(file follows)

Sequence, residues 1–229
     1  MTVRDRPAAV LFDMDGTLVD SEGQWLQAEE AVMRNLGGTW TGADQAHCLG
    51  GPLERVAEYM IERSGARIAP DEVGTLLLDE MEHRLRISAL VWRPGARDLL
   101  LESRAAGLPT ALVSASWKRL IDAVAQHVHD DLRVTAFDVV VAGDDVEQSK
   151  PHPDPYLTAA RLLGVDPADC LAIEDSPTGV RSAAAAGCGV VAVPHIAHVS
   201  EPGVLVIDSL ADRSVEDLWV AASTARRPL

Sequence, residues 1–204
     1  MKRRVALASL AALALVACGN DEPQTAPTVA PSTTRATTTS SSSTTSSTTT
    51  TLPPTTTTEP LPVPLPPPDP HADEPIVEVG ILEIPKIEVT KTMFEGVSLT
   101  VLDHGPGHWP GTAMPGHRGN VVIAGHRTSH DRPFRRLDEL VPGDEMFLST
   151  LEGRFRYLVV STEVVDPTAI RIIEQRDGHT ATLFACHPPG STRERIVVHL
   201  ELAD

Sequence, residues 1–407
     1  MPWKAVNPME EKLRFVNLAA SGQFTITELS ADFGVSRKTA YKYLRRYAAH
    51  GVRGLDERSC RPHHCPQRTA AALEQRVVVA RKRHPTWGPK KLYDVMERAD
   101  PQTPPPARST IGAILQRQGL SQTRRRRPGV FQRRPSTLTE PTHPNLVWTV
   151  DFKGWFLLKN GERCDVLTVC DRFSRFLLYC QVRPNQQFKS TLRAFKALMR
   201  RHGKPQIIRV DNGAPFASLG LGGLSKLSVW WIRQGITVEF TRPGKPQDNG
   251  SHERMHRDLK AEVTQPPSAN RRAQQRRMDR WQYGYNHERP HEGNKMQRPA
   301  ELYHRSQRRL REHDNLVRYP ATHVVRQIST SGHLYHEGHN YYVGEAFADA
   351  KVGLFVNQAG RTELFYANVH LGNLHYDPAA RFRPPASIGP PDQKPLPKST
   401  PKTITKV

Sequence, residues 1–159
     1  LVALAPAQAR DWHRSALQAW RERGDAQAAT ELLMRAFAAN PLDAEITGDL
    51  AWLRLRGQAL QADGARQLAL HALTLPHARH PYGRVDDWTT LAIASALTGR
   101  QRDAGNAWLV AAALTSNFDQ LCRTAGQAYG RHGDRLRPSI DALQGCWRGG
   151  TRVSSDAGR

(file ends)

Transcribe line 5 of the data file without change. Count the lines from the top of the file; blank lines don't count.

   151  PHPDPYLTAA RLLGVDPADC LAIEDSPTGV RSAAAAGCGV VAVPHIAHVS